America’s Two Remarkable Leaders in World War II Nearly all histories of America’s involvement in World War II examine the great air, land, and naval battles in the European and Pacific theaters of war. To the extent that historians have addressed Western alliance decisions at the top, they have chronicled these taken by Roosevelt, Churchill and, regarding the decision to drop the atomic bomb, Truman. This book by Edward Aldrich breaks ground that will be new to most readers, including those who h America’s Two Remarkable Leaders in World War II Nearly all histories of America’s involvement in World War II examine the great air, land, and naval battles in the European and Pacific theaters of war. To the extent that historians have addressed Western alliance decisions at the top, they have chronicled these taken by Roosevelt, Churchill and, regarding the decision to drop the atomic bomb, Truman. This book by Edward Aldrich breaks ground that will be new to most readers, including those who have read a great deal about World War II. As such, the author sheds light on the leadership and administrative genius of two personalities, General George Marshall, chief of staff to the army, and Henry Stimson, secretary of war. These two men had to shoulder enormous responsibilities from 1939 to war’s end, and to navigate the politics not only within their own country but also with the British. Throughout the war, Stimson and Marshall had adjoining offices and kept the door between them always open. This sent a message to staff that they had no secrets from one another, and facilitated numerous one-on-one consultations during the day. For historians, the downside of this arrangement was that it reduced the historical record of the debates and decisions taken by the two men. In researching the book, Aldrich realized that a relatively untapped source was found at Yale, which held Stimson’s wartime diary. Stimson recorded daily his thoughts during his five years working with Marshall — and these ran to more than 4,000 pages. A first problem facing the two men related to America’s weak military position in 1940. In 2 ½ years, under their leadership, America’s military went from 170,000 to 2.5 million. In 18 months, barracks were built in 250 locations to house 1.2 million men. New weapons had to be adopted and manufactured including the Garand rifle and the jeep. One of the great challenges: the need to ship men and material to distant overseas battlegrounds.   Both men had to recruit senior talent as well. Stimson knew and tapped accomplished men of the establishment from major law firms, financial institutions such as Brown Brothers, and from the Fed in New York. Marshall had kept a little black book over the years, in which he noted officers who had impressed him. Eisenhower was one such officer. Of Patton, for example, Marshall noted words to the effect that he was a little crazy, was likely a good tank commander, but needed to be controlled.   As the war proceeded, the decisions were huge. Should Europe or the Pacific receive top priority? Why fight in North Africa or Italy since the invasion of northern Europe was essential to victory? In the Pacific, was fighting in New Guinea and the Philippines necessary or should all resources be devoted to island-hopping across the Pacific on a more direct route to the invasion of Japan? This reader gained a number of insights. Stimson first learned about the possibility of the atomic bomb about a month before Pearl Harbor, and he was the senior official responsible for the project over the next four years. During that time, he had to ask then-Senator Harry Truman, who was auditing war expenses, to cease and desist from asking about the Manhattan Project. Ironically, Roosevelt never informed his new vice president about the bomb and once Truman became president it was Stimson who told him about it. Once America entered the war, both Stimson and Marshall had to wage a constant fight with the British to keep the cross-channel invasion of France from being indefinitely postponed. Aldrich tells this part of the story dramatically and in detail. The British were right to resist such an attempt in 1942 and 1943, when American troops were unprepared and the vast resources of D-Day 1944 had not yet been assembled. But left to their own devices, the British might have delayed such an invasion until 1945 or even 1946. Had the British and Americans held off invasion that long, one is left to contemplate whether Stalin would have either made a separate peace with Hitler or whether Soviet success would have resulted in the occupation of far more than Eastern Europe. Around the world, every general wanted more. Marshall was very tough on subordinates who requested more troops or resources without making a very compelling case. Once the allies had landed in Europe, Marshall capped the number of divisions at 90. This paid off in the end but it was a very close-run thing, given casualties and the morale problem when inexperienced junior officers were placed in command of veteran troops. Only two of the 90 divisions didn’t see combat. Perhaps one of the most important lessons of the Stimson-Marshall partnership was the commitment to civilian control of the military. The book includes a poignant photo of a long line of generals paying tribute to Stimson upon his retirement. George Marshall was the last in line to receive Stimson, and the message was that civilian over military rule is what distinguishes America and makes us great. This is Aldrich’s first book. It’s readable, insightful, and breaks new ground. One hopes that this book is not his last.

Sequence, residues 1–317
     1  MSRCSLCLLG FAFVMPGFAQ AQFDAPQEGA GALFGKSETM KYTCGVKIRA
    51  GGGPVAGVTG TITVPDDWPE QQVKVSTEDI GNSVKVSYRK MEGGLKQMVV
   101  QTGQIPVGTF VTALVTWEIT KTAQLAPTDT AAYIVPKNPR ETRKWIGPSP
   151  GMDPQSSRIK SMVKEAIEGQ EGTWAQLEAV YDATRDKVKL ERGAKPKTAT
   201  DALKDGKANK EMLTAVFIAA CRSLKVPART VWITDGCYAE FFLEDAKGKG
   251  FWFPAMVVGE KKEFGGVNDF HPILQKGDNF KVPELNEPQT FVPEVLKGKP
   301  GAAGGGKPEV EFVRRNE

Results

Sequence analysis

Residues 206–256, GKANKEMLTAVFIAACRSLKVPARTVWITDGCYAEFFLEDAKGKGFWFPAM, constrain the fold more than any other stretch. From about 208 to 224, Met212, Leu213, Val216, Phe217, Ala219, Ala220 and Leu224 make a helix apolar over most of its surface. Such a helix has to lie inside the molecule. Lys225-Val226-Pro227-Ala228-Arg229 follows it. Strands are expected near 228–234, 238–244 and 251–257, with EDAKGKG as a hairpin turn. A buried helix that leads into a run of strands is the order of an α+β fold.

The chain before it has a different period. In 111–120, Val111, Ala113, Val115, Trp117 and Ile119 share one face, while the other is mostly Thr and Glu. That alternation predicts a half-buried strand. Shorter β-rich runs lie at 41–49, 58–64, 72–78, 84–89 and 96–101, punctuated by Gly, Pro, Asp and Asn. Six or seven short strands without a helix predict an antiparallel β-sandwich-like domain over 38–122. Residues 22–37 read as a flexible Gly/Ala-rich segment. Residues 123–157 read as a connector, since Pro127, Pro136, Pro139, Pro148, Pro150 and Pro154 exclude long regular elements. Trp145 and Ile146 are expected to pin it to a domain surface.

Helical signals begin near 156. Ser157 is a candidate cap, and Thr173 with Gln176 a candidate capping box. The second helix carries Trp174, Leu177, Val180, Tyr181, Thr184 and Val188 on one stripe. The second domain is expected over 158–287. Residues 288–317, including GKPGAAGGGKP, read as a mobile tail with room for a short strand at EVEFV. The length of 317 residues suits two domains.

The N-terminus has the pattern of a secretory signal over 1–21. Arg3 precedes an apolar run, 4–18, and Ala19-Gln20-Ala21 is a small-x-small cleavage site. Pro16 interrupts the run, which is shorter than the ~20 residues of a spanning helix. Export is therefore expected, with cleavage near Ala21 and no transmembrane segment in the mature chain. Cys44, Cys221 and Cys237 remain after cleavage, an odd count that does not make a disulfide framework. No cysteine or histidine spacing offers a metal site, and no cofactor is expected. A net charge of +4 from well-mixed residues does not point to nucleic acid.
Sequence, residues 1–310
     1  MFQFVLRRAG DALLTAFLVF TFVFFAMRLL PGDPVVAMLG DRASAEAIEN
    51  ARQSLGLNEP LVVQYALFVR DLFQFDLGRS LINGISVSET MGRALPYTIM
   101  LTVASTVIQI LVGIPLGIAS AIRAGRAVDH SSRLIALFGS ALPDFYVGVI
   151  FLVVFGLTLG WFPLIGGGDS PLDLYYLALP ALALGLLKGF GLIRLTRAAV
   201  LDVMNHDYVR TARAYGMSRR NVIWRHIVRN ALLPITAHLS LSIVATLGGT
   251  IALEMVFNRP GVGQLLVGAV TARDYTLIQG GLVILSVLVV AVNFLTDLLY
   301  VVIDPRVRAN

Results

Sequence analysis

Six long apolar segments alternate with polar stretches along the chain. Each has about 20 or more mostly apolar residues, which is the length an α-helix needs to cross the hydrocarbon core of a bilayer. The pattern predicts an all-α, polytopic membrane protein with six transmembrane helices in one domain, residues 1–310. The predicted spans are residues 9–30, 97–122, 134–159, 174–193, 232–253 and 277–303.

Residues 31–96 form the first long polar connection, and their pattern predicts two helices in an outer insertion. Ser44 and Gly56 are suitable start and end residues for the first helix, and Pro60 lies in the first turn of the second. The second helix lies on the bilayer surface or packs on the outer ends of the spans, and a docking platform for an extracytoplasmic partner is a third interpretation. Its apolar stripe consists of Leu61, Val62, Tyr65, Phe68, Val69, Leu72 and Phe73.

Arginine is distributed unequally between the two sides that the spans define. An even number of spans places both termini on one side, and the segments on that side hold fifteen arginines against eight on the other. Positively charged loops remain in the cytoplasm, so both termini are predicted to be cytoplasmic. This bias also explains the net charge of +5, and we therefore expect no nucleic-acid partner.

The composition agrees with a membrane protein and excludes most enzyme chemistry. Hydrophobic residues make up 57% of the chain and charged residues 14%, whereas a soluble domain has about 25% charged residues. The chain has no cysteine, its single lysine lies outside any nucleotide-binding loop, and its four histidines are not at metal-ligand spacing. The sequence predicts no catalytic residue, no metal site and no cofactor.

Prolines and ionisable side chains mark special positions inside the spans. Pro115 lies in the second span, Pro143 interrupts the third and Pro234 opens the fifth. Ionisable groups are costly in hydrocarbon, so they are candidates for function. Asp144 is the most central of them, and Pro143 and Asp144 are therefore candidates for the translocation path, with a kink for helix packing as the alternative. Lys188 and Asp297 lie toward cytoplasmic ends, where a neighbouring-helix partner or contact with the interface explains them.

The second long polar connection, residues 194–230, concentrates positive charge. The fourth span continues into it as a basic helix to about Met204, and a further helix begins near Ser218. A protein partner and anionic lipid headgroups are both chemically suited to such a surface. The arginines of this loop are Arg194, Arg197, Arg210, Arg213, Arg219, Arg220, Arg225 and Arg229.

3. 4 out of 5